Dr. Daskalov started vaccinating faculty this week. Students will follow. Eventually.

Dr. Daskalov and the AUBG Health Center have begun their COVID-19 vaccination campaign this week.

Professors and staff will be given Oxford University’s AstraZeneca Vaccine by appointment. According to Daskalov, the Bulgarian government has separated the population into six groups of different priorities for immunization with one being highest priority and six being the lowest. Faculty and staff of the universities and other educational institutions fall in group two, just behind medical personnel. Students, both Bulgarian and international are last, in group six. 

Prof. Kirkov recieving the vaccine. Screenshot from a video courtesy of Gergana Atanasova.

Many AUBG employees have already been given the first of two doses that make up the AstraZeneca vaccine. Kiril Kirkov is a JMC professor and among the first to be immunized on campus. “My experience was great, I felt fantastic, a little tired today, but happy to give my small part in achieving communal safety,” Kirkov said. "Get the vaccine, save lives, help your community,” he added.

The second shot is a booster dose that needs to be administered 4-12 weeks after the initial injection. “I will work all year long, I will not close the office,” Daskalov said when asked if people may have to have their second appointment during the summer when school is not in session.

“I would like to encourage everyone who gets the chance to get the vaccine to use it,” Daskalov said. “There is no medical evidence that any one of the vaccines is worse than the others or one is better than others. There is no evidence that one of them is causing more side effects than others. There is no evidence that any one of these vaccines does not work, just the opposite. They all work.”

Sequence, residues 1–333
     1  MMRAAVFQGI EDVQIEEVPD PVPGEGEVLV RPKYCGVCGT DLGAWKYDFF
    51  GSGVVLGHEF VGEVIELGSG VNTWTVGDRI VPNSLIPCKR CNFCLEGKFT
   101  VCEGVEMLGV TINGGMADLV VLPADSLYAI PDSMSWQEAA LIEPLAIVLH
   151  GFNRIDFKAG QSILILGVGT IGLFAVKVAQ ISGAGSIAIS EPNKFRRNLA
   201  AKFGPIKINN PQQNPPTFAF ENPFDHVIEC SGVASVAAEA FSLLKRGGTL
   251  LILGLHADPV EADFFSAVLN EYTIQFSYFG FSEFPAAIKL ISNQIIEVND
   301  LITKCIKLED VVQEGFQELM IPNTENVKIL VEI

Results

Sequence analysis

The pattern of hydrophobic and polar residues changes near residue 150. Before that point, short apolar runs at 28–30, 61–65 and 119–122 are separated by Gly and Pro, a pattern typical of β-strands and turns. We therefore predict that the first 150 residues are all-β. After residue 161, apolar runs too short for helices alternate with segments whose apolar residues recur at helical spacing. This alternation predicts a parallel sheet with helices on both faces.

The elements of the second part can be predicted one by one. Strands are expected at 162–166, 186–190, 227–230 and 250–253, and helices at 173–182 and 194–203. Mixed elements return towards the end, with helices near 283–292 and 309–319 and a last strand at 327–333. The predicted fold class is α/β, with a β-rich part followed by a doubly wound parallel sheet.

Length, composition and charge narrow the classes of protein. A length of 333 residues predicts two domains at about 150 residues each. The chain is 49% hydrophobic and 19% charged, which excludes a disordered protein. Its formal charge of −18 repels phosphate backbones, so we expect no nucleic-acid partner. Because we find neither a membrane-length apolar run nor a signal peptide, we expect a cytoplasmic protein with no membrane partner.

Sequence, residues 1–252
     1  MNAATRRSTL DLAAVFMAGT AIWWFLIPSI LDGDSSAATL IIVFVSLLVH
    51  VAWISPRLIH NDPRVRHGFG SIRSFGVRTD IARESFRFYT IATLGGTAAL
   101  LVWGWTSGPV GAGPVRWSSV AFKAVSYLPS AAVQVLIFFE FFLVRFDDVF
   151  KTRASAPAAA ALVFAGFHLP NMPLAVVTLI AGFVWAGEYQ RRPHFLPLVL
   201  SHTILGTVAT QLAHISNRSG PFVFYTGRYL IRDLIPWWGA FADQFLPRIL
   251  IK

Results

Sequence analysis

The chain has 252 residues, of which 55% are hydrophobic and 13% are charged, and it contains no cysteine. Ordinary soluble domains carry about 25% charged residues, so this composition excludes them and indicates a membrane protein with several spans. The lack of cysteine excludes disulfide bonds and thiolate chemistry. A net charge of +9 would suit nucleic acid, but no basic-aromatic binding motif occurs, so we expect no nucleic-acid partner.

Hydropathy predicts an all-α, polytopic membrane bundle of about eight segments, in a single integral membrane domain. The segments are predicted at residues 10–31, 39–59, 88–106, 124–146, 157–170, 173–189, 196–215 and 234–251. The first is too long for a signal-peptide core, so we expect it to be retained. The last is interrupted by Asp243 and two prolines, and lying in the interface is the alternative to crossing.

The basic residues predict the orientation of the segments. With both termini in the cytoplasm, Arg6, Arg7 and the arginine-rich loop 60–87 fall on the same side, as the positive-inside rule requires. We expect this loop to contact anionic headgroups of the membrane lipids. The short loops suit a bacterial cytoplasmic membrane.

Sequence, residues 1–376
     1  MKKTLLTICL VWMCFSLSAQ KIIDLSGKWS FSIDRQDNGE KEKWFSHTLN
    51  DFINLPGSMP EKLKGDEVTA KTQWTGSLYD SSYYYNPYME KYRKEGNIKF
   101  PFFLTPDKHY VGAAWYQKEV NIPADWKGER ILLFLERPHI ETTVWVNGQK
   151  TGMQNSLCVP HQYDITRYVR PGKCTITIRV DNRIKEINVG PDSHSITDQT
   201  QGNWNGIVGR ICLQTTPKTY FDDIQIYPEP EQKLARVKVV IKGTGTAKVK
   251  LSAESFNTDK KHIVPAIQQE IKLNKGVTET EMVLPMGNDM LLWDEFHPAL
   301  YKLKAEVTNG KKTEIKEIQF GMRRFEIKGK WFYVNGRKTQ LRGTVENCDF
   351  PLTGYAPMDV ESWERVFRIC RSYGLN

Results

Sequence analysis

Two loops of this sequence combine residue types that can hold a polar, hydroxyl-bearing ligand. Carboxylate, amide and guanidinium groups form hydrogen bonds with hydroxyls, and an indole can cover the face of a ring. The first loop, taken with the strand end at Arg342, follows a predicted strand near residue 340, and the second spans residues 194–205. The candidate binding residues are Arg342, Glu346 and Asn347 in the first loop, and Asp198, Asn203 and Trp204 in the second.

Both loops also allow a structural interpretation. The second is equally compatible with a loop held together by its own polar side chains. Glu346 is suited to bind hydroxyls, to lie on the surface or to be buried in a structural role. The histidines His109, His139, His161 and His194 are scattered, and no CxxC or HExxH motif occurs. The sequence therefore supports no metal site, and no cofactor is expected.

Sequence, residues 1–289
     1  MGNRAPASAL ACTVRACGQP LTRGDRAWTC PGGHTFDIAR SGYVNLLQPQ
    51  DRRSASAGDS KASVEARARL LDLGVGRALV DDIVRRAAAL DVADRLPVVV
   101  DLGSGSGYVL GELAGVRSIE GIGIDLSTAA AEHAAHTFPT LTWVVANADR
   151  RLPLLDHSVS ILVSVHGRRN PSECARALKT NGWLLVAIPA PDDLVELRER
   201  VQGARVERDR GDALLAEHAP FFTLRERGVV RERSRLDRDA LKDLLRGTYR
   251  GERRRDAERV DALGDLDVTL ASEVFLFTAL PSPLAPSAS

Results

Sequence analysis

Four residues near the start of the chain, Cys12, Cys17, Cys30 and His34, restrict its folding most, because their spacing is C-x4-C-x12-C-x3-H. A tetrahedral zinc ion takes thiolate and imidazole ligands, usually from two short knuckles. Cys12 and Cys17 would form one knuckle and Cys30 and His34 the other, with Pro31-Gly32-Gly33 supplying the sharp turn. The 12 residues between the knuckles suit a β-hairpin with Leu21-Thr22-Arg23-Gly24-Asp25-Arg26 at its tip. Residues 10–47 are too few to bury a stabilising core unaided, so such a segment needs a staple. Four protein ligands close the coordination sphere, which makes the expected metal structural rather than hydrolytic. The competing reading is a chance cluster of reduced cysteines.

AUBG president David Evans recieving the vaccine. Photo derived from https://www.facebook.com/AUBGcurious/.
Daskalov cited that according to a recent study, not only does the AstraZeneca vaccine stop a patient from contracting the COVID-19 virus, but it also stops them from spreading it to another host unknowingly.

On whether or not this vaccination campaign puts AUBG on track to have a “normal” on-campus semester this upcoming fall, Daskalov claimed “It’s hard to say. It depends on the level of the infection and the level of people who get vaccinated.” 

Gergana Atanasova at her vaccination appointment. Photo courtesy of Gergana Atanasova.

According to Daskalov, our biggest chance for any sense of normalcy in the fall is to achieve vaccination levels that grant the AUBG populus something called “social immunity”. Social immunity, sometimes called herd immunity, is the phenomenon in which a large percentage of a population, which is immune to an infectious disease, indirectly protects the vulnerable minority by being unable to contract, and more importantly to spread the illness. 

“People in Bulgarian general society have about 40% readiness to get vaccinated, which is not enough,” Daskalov said. “It will be even less if people hesitate now to take the vaccine. I cannot say that we will have enough social immunity by the beginning of next semester.” As reported by Daskalov, having 70% of people on campus immunized will be the benchmark for in-person education. The best way to help AUBG proceed with a traditional semester this fall is to take the opportunity to get the vaccine when they can. 

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